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How to Set up a Mesh Network with T

Apr 09, 2023Apr 09, 2023

by Josh Kirschner on February 17, 2023in Tips & How-Tos, Computers and Software, Internet & Networking :: 13 comments

T-Mobile 5G Home Internet can be an effective replacement for traditional cable and fiber ISPs. However, because T-Mobile's Home Internet relies on cellular signals rather than wiring into your home, it usually requires placing the 5G gateway near a window facing the direction of your local cell tower. While that placement optimizes the signal into your home, it may not be ideal for sending a WiFi signal throughout your home or apartment. And the best way to overcome issues with in-home WiFi coverage for your T-Mobile Home Internet is to install a mesh network.

I have been testing T-Mobile 5G Home Internet for the last six months and connected it to my Eero mesh system. Setting up the mesh network with the 5G Home Internet gateway was straightforward. I’ll walk you through the steps and give you an essential tip for optimal performance. These steps will be the same whether you’re using Eero, Google Nest, TP-Link, or any of the other major mesh systems.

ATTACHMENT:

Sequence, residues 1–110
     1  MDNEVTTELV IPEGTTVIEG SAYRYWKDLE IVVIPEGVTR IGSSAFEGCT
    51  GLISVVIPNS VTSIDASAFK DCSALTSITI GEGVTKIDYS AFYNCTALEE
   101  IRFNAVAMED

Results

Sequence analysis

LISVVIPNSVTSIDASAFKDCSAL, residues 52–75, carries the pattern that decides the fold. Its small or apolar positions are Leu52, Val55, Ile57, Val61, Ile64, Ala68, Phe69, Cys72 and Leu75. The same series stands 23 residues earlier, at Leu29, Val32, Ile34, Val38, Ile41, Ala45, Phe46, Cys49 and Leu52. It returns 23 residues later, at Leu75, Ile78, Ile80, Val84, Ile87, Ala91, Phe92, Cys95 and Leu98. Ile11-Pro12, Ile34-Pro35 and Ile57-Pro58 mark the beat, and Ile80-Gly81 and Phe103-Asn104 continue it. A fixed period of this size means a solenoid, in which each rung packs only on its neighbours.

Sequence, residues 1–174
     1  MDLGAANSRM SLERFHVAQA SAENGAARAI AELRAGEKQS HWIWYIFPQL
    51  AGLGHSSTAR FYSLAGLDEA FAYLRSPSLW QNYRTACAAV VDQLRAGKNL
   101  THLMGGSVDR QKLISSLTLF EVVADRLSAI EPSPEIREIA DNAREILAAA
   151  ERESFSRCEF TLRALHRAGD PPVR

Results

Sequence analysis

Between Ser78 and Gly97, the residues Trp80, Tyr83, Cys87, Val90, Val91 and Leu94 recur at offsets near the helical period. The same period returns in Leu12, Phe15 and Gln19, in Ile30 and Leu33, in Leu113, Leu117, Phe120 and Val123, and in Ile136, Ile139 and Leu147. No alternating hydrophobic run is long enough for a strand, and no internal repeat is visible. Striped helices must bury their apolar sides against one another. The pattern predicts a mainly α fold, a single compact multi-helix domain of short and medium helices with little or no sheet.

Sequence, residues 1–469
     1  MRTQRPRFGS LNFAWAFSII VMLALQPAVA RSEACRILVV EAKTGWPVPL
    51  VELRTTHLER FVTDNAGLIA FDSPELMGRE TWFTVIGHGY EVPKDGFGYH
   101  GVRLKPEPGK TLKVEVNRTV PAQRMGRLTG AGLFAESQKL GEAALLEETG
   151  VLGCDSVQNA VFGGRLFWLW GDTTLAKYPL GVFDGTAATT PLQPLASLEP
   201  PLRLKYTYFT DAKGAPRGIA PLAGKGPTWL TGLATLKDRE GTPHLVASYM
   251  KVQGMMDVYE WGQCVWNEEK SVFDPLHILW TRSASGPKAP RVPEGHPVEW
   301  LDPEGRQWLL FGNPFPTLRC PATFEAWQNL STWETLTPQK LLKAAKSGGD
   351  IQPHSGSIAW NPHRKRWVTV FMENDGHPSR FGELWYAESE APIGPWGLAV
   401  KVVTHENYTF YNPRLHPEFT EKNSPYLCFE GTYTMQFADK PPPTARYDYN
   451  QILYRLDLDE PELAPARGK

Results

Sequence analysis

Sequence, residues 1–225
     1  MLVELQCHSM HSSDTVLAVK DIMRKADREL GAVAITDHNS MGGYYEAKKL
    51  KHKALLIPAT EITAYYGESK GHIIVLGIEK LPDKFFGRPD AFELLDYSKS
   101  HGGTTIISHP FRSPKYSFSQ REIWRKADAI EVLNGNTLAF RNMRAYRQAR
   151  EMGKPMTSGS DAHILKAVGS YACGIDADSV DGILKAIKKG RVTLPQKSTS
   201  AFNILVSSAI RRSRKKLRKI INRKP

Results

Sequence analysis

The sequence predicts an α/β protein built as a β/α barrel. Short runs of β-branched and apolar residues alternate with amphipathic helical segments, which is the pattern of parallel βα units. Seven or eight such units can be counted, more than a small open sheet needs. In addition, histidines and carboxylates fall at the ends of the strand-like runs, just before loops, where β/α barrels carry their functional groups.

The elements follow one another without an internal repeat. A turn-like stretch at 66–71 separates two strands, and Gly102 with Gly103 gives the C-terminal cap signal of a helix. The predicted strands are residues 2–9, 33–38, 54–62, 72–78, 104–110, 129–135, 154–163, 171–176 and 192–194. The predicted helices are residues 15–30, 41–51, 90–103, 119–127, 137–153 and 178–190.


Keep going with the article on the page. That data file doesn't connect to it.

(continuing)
And that's it; you should be all set with strong wireless throughout your home. This process will be the same if you already have an existing mesh network set up in your home and are switching from cable to T-Mobile for internet access.

Based on my experience and feedback from our readers, T-Mobile 5G Home Internet can be a life-changer or rather frustrating, with occasional internet drops, depending on your local cell tower congestion. The good news is that if you’re not happy with cable and considering moving to T-Mobile 5G Home Internet, the cost is $50 total per month (no extra fees) and has no contract or setup fees. So you can test it out to see if it works well for your home with very little financial commitment.